“How do I conduct a candidate interview?”
I received this question from a client recently; it occurred to me that while I dispense ample advice to candidates on preparing and polishing themselves for interviews, I rarely discuss the process from the other side of the desk. I’m glad this client asked, not only because it inspired me to write about it but also because it’s an often-overlooked part of the recruiting process. The sad fact is that not only are most interviewers not trained in any methodology for conducting an interview, but far too often, the mechanics of an interview are but a second thought. Employers and interviewers need to be at the top of their games when they meet with prospective employees, particularly in this job market.
Most of my clients have been in the candidate’s shoes, so my first piece of advice regarding this question is simple: think of all the inane, time-wasting, stupid, irrelevant questions you’ve been asked in interviews. Now, don’t ask any of those, and don’t mimic any of the behavior you’ve found irritating throughout your career. Beyond that, here are some specific things you can do to make yourself a better interviewer so you can recruit top talent.
One of the biggest complaints I hear from candidates is that they get to an interview, and it is clear that this is the first time the interviewer is reviewing their resume. There is no excuse for this. Take 3 minutes and read over each candidate’s resume before meeting with them. Make notes of interesting points or things that you would like to ask.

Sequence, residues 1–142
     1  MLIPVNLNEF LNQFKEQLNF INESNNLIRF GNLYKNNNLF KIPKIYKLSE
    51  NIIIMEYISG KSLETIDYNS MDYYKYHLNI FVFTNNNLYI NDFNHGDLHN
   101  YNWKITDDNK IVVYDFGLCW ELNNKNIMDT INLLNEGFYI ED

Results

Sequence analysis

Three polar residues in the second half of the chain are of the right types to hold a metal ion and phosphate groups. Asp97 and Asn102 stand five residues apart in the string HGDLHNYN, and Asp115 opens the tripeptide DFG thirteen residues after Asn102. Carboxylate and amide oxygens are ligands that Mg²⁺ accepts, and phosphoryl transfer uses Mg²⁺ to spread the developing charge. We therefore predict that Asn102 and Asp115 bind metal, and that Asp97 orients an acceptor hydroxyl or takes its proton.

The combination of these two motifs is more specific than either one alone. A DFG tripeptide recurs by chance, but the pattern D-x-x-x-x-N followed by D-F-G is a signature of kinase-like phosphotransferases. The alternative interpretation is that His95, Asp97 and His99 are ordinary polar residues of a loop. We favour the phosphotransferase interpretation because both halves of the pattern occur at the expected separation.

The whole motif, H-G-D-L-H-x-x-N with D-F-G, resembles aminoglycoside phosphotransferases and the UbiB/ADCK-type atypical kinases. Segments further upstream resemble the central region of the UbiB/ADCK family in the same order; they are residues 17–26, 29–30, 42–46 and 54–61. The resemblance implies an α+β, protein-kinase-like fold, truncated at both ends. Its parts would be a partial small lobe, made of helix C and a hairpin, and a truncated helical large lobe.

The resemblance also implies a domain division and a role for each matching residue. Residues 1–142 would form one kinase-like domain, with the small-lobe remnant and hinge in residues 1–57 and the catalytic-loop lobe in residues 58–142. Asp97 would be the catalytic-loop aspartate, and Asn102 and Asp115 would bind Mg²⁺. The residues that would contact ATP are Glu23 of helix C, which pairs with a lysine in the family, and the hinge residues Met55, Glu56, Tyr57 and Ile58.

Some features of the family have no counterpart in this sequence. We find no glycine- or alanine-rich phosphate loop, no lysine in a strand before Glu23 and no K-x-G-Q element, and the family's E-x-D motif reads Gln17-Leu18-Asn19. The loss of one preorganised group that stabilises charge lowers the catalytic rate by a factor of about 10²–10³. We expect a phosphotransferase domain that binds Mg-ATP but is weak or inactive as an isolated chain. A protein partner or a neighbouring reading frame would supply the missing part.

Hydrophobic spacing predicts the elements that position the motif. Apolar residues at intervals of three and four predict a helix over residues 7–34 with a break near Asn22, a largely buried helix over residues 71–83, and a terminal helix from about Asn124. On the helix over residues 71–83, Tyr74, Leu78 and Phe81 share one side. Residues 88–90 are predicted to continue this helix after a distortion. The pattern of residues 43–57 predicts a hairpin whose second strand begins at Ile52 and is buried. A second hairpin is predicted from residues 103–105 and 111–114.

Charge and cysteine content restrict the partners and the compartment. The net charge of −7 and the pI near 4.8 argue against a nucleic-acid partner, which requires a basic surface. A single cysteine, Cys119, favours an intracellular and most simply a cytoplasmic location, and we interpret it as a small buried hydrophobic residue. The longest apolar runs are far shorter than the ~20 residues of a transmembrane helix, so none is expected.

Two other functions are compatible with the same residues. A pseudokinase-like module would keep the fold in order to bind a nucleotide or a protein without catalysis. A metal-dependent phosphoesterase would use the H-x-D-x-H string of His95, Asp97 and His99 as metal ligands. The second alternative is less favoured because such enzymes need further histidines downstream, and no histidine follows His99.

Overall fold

This relates to “read the resume.” Be ready with questions, be prepared to answer tough questions, and armed with some knowledge about the role for which the candidate is interviewing.
By the time a candidate comes your way, their ability to do the job has (hopefully) been vetted already. So beyond the technical skills required, what behaviors or personality traits will be critical for success in the role? This is what you want to asses in the interview.
Don’t rely on “So, tell me about yourself” to guide the conversation. Review the candidate’s LinkedIn profile and resume, and have specific questions prepared that indicate that you did your research on the candidate.
Don’t dominate the conversation. Give the candidate ample time to ask questions as well.
This is related to “come up for air.” Let the candidate talk so that you can get to know more about them and understand their thinking and collaborative style.
Past performance is indicative of future performance, but it is a poor assessment criterion for potential performance. You need to think in terms of potential. In other words, it’s not enough that a candidate for an engineering role can code and solve problems. Can this person accept feedback and criticism, develop and grow from it, and do things they’ve not done before?
Above all, remember to make the candidate comfortable and recognize that the interview goes both ways. Take notes so that you can provide concrete feedback to all other stakeholders; if you are able, apprise the candidate of the steps in the process. By conducting an effective interview, you can avoid the pitfall of wasting time or, worse, making a poor and costly hiring decision.